Policing the Boundaries of Morality.

A number of people have noted that after a weird outbreak of at least tentative reasonableness, Focus on the Family reversed itself this week and declared that no, they would absolutely not be open to the idea of a gay person on the Supreme Court, no matter how otherwise sane such a person might seem. The bigotry we've come to expect, but there's something else notable about the statement the group issued:

We can assure you that we recognize that homosexual behavior is a sin and does not reflect God's created intent and desire for humanity. Further, we at Focus do affirm that character and moral rectitude should be key considerations in appointing members of the judiciary, especially in the case of the highest court in the land. Sexual behavior — be it heterosexual or homosexual — certainly lies at the heart of personal morality.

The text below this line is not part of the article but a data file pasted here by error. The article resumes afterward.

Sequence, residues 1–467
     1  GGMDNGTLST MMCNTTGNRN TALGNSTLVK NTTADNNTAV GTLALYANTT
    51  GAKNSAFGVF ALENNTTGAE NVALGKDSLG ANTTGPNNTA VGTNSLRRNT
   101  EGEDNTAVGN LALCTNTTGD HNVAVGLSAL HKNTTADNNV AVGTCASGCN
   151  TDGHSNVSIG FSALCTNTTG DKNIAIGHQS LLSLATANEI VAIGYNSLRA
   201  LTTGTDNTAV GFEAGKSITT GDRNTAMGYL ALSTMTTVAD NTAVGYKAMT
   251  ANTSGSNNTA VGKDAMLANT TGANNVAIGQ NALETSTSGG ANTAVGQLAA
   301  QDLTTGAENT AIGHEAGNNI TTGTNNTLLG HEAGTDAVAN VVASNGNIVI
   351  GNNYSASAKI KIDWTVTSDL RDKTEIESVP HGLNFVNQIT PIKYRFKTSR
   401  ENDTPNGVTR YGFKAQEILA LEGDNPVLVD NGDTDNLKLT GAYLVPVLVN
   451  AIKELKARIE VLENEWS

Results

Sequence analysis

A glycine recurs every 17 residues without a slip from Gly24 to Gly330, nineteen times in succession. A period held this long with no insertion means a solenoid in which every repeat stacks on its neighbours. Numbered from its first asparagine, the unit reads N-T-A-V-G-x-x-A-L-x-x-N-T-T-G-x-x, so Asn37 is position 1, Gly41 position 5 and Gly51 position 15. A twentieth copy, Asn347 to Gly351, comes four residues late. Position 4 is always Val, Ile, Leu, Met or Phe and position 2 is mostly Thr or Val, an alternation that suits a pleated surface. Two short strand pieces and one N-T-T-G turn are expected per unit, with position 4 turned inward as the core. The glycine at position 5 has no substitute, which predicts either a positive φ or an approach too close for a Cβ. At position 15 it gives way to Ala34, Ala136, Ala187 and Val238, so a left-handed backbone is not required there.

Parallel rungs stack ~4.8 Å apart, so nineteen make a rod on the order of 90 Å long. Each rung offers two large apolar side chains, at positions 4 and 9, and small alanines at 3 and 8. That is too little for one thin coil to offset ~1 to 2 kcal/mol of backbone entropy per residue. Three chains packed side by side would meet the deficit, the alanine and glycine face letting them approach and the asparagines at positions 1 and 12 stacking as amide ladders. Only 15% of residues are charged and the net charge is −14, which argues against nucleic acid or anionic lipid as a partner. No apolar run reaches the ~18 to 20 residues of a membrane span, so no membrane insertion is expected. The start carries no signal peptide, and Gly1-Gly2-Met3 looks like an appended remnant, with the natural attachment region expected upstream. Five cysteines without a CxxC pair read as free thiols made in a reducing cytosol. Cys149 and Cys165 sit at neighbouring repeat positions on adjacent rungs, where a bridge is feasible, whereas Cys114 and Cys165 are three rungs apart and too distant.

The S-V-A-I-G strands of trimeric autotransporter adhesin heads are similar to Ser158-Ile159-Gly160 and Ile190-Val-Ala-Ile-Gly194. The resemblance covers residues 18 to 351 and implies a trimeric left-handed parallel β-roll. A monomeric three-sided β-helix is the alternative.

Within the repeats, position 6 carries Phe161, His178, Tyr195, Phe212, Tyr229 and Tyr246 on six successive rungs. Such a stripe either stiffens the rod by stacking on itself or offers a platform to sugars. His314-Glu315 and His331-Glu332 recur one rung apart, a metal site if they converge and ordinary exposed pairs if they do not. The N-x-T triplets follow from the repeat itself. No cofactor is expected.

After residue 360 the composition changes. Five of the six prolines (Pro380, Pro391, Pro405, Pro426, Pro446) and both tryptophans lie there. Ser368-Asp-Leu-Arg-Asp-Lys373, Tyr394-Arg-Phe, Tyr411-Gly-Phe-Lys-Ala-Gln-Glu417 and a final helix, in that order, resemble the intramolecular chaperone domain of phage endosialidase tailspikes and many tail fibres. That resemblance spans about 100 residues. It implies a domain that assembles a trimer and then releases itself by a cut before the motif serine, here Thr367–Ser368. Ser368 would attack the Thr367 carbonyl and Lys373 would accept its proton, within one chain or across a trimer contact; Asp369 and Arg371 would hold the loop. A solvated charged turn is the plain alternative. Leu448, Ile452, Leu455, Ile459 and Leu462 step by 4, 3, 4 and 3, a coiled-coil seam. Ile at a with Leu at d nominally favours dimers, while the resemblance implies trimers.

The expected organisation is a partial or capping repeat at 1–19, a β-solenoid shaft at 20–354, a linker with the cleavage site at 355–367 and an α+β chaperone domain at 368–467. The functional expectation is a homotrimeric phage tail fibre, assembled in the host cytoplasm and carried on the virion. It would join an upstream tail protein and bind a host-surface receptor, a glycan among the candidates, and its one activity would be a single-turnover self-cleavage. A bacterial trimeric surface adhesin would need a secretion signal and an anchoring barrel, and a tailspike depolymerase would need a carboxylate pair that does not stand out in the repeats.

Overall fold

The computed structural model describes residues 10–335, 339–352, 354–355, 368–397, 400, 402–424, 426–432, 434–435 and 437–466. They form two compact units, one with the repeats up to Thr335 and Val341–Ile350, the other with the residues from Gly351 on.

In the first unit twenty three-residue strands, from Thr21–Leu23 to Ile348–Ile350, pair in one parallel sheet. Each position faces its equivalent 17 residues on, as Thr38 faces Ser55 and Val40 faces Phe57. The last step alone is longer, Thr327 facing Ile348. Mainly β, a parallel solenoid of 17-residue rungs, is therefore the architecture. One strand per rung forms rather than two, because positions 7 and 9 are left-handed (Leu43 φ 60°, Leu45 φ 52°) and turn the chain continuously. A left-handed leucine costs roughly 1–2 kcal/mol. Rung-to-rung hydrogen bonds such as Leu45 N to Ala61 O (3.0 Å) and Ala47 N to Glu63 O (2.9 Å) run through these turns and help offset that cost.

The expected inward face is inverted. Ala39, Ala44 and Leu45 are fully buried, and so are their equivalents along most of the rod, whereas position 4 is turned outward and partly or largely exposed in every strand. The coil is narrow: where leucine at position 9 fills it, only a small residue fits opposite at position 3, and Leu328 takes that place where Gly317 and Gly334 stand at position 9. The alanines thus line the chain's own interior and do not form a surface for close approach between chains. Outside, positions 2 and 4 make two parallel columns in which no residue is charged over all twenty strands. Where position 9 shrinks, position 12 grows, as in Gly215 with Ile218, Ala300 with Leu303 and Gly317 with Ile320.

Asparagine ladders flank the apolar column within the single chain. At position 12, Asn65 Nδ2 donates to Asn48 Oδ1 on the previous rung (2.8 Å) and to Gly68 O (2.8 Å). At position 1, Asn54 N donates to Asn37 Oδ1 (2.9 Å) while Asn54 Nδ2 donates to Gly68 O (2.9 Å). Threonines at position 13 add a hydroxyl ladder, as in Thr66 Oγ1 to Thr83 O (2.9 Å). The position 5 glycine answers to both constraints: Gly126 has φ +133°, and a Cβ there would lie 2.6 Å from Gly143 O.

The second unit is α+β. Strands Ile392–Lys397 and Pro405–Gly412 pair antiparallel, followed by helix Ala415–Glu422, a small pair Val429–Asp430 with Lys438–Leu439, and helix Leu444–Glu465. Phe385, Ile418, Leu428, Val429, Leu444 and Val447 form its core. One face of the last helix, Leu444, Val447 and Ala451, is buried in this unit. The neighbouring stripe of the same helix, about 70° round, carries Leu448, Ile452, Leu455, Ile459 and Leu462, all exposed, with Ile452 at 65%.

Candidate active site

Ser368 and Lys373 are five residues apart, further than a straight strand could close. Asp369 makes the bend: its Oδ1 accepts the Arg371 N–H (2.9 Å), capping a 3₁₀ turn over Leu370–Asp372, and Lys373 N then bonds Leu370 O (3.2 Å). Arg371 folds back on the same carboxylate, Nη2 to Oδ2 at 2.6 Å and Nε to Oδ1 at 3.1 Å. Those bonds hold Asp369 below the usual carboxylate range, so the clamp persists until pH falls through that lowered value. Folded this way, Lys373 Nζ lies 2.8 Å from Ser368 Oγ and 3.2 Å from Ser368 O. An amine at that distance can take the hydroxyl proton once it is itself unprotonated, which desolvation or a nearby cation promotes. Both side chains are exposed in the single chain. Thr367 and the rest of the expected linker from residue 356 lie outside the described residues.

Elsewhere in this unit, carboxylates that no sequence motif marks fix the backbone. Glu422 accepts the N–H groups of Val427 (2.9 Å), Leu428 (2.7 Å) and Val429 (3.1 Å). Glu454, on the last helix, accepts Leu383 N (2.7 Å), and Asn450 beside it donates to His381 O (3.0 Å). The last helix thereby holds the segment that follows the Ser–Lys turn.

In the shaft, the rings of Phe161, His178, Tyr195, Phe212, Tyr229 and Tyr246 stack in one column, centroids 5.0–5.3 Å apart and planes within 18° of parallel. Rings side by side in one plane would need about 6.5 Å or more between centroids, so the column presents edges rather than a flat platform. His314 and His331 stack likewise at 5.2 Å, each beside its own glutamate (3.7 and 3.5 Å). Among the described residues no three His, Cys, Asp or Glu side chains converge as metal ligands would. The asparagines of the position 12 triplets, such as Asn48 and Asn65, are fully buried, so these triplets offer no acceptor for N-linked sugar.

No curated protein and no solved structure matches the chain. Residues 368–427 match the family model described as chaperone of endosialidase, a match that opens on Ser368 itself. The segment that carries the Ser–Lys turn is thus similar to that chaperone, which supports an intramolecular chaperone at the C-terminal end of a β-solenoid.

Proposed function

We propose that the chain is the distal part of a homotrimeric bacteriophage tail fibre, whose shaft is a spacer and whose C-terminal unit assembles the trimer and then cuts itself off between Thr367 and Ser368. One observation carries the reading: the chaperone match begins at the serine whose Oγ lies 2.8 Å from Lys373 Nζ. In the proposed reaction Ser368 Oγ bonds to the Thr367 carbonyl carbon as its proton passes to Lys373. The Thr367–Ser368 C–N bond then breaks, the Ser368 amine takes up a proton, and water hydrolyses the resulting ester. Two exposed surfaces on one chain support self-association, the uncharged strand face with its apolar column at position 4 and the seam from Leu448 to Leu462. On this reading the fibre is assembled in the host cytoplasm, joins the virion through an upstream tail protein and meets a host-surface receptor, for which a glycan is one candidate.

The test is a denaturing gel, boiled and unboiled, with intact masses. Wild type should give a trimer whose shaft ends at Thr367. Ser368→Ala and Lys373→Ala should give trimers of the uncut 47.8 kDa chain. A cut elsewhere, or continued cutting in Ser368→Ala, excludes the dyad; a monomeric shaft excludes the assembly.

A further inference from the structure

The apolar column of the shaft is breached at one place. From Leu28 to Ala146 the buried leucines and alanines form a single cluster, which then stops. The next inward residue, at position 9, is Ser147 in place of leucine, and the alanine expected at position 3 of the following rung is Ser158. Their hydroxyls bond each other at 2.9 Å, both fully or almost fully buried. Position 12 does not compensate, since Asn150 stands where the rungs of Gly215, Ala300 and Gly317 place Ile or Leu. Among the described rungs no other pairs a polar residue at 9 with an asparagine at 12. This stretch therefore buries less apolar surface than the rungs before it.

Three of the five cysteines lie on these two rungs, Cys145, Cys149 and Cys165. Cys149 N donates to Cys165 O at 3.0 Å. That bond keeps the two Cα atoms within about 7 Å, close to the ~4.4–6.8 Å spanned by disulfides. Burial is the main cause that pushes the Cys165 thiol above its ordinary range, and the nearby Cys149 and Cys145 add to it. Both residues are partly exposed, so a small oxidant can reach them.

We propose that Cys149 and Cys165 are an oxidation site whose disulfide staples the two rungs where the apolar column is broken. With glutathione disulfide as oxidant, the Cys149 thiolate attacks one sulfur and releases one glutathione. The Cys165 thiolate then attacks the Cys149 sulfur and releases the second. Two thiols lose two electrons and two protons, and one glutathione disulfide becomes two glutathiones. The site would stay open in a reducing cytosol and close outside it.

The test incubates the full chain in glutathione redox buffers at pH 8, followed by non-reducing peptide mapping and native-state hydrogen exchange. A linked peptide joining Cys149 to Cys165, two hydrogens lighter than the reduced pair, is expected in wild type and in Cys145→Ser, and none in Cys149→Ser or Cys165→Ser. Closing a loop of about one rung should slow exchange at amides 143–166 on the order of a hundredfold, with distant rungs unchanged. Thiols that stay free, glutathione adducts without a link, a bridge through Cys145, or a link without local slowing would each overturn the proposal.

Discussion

Sexual behavior -- i.e., engaging only in a very specific set of allowable sexual activities, namely heterosexual sex between married men and women -- "lies at the heart of personal morality"? Really? So a schoolteacher who works long hours for low pay because of her commitment to children, volunteers her time in her community, and treats everyone she meets with respect and dignity, but has an active sex life with her longtime boyfriend, would be less "moral" than a con man and serial killer who steals from old ladies before killing them, but is married and never has sex with anyone but his wife?

I guess so. It's nice to know someone out there is worrying about whether the next Supreme Court justice is a "moral" person. Otherwise, who knows what kind of dirtbags we might let on the Court.

-- Paul Waldman

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